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Nebil Husayn

Department/Program(s):
  • Near Eastern Studies
Position: Graduate Student
Title: 6th-year graduate student
Office: Jones Hall



Education
A.M., Harvard University (Near Eastern Languages and Civilizations)
B.A., University of Virginia (Middle Eastern Studies)
 
At the University of Virginia, I studied Arabic, Persian and early Islamic history. A Fulbright fellowship in 2004 provided an opportunity to complete research in Syria, where I became the Public Relations Director for the Hashimid Genealogy Trust. In addition to research on the history and segmentation of Hashimid populations, I completed seminary coursework in Arabic, comparative law, history, and theology in Syria and Tarim, Yemen. After spending four years in the Middle East as a researcher and instructor (of Arabic and English), I returned to the United States to earn a Master’s degree from Harvard University and pursue a Ph.D. at Princeton University.
 
Research Interests
My research broadly encompasses the development of Islamic theology, especially the literary contributions of various minority Muslim theological traditions. I have considered questions related to authoritarianism, Islamic historiography and early legal theories. I am also interested in modern Muslim interpretations of the Quran and hadith.
 
Over the past two years, I have independently designed and taught a course that investigates debates in both the medieval Islamic tradition and the modern Arab world. I have also served as a teaching assistant in a variety of courses at Princeton ranging from a small seminar about early Islamic theology to larger classes about the modern Middle East.
 
Dissertation
In a literary and social world of binary sectarian characterizations, I argue that both Sunni and Shi‘i authors conflated pro-‘Alid sentiment in the early Muslim community with Shi‘ism. Part I of my dissertation, entitled “The Memory of ‘Ali b. Abi Talib in the Early Sunni Community,” examines both the biographies and literary contributions of revered pro-‘Alid scholars in the Sunni intellectual tradition who were marginalized as too “Shi‘i” years (sometimes centuries) after their deaths. Part II locates and contextualizes the literature of a second minority that criticized ‘Ali as a heretic or criminal and historically opposed those who appear in Part I. Parts I and II examine the declining popularity, contributions, and eventual demise of minority theological traditions in early Sunnism to frame problems related to the politics of identity, history writing, and the formation of orthodoxy.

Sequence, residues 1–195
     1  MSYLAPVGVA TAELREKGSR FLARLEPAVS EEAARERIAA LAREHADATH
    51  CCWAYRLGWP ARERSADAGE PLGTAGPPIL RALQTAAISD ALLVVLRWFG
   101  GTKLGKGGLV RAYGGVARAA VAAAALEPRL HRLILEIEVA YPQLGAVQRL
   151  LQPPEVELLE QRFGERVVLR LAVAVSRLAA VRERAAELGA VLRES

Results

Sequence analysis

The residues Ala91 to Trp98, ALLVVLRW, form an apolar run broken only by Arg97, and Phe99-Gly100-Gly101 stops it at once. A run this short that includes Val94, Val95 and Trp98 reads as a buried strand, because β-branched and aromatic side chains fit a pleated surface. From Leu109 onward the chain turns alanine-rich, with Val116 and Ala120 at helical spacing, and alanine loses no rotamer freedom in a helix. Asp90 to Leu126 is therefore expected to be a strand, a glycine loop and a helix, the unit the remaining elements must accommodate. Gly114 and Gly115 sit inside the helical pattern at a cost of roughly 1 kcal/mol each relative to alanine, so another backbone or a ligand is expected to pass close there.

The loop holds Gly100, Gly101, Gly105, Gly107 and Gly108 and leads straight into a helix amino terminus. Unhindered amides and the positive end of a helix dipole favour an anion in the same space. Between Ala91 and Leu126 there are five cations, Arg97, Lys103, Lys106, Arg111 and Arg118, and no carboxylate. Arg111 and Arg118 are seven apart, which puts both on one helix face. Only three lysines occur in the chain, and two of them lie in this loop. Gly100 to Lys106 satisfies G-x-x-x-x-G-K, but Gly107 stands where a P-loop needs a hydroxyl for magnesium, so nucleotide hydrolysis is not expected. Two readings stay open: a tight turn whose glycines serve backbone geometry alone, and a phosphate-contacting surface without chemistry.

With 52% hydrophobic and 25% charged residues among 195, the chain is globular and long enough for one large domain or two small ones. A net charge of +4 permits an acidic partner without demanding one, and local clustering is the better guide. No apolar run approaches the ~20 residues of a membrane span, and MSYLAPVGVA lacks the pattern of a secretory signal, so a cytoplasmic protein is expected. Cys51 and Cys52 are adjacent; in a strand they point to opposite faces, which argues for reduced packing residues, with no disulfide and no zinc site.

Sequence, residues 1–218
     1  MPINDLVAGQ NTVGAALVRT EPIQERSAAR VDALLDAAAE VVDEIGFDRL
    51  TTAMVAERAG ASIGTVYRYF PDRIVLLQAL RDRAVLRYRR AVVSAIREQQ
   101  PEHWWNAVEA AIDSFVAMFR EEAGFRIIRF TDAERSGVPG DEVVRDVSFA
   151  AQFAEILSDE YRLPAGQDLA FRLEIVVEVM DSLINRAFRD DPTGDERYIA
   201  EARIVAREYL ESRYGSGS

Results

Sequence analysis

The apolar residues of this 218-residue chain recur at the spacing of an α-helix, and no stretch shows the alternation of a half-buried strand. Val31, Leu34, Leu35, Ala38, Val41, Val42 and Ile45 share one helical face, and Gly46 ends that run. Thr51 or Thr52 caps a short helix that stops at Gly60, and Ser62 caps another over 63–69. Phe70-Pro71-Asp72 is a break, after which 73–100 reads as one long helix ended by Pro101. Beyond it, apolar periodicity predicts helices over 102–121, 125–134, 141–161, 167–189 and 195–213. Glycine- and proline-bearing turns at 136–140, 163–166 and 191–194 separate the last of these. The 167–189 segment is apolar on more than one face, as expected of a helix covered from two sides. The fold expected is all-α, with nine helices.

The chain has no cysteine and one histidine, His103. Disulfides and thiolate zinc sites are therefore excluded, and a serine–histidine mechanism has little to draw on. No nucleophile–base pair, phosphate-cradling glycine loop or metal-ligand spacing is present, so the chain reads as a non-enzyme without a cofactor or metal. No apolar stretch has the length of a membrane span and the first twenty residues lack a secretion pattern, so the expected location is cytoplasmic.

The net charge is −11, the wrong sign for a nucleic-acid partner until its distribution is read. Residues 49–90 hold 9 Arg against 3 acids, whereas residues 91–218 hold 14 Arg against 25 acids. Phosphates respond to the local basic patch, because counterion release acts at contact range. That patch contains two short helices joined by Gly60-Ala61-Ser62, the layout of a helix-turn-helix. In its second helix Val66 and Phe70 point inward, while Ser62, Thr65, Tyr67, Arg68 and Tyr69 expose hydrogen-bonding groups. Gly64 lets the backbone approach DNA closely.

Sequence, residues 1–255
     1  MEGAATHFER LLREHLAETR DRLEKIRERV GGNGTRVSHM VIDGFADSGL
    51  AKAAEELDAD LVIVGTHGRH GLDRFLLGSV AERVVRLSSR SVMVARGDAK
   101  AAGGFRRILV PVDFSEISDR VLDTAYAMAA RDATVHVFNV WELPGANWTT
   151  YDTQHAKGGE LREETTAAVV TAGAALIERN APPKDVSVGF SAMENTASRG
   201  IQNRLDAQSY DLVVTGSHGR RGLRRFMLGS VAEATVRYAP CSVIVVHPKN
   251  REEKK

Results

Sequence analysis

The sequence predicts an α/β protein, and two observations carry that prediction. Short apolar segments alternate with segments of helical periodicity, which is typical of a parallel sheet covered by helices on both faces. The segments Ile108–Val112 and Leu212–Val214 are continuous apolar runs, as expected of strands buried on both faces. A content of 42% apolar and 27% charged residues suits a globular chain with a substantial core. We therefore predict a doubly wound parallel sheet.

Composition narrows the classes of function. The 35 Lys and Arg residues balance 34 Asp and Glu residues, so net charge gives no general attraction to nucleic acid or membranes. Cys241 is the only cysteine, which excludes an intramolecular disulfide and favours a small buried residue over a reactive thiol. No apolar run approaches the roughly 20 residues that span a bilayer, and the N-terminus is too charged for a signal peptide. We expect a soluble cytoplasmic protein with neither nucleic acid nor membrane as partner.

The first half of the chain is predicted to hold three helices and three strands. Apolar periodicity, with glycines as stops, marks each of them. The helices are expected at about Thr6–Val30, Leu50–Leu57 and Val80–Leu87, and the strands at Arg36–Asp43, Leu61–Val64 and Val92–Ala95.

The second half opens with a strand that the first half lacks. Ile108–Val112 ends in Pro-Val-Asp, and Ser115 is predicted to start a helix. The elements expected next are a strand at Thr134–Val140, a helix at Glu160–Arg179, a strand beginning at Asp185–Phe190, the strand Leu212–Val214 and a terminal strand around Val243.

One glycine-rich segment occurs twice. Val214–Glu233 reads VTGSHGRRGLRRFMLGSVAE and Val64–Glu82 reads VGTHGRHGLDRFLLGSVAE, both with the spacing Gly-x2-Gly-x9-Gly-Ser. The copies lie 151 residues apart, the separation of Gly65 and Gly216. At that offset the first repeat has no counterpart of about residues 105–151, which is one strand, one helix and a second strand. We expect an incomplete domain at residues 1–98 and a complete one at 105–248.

By the ninth century, an emerging Sunni orthodoxy sought to minimize early partisan divisions within the Sunni community. The concluding section, Part III, consists of case studies that indicate an effort to suppress minority pro-‘Alid and anti-‘Alid tendencies in Sunnism and rehabilitate ‘Ali’s image to one that suited orthodoxy. Previous research on portrayals of Ali overlooked these “erased histories” due to a dependency on Sunni meta-narratives from the ‘Abbasid and Mamluk periods. However, this study demonstrates that many influential Sunni texts possess an understudied undercurrent of early authorities who once upheld views of ‘Ali contrary to the sect’s later established tenets. The genealogy of ‘Ali’s portrayals also indicates a chronological transformation that selectively incorporated the literature of predecessors who were considered too radical in the opinion of later Sunnis.
 
Publications
 
Mechanisms of Authoritarian Rule in Bahrain.” Arab Studies Quarterly 37, no. 1 (2015), pp. 33-53
 
 
 
Research and Conferences
 
“When ‘Alī was without equal: tafḍīl ‘Alī in proto-Sunnī thought.” Annual Meeting of the American Academy of Religion, Nov. 2015.
 
“Legal Codes Specific to Hāshimids.” The Practical Authority of the Imams and their Representatives, University of Chicago Symposium, Apr. 2015.
 
“Enmity for ‘Alī and His Family: The Discourse between Anti-‘Alid and Anti-Shī‘ī Sentiment.” Annual Meeting of the Middle East Studies Association, Nov. 2014.
 
“Treatises on the Salvation of Abu Ṭālib." Annual Meeting of the American Academy of Religion, Nov. 2013; Annual Meeting of the Middle East Studies Association, Oct. 2013.
 
“Contempt for the Canonization of al-Bukhārī and Muslim: ḥadīth skepticism amongst Muslim scholars of the 20th Century.” McGill Institute of Islamic Studies Critical Theory Symposium, 2011.
 
“Discrepancies in Paternity: ‘Alid Genealogy in Muslim Society” Harvard University, AM Thesis, 2009.
 
Awards
Spring 2015 - Charles N. Hanna and Margaret T. Hanna Grant for Scholarly Travel
 
Fall 2014 – Assistant in Instruction, “Introduction to the Middle East”
 
September 2013 - Near Eastern Studies Travel Grant
 
Summer 2013 - Foreign Languages and Area Studies (FLAS) Fellow
 
Spring 2012 – Teaching Assistantship, “Introduction to Islamic Theology”
 
2009-2010 – Foreign Languages and Area Studies (FLAS) Fellow
 
2004-2005 – US Department of State Fulbright Fellow
 
2003 – American Institute for Maghrib Studies (AIMS) Fellowship Recipient
 
2003 – USA Funds Scholarship Winner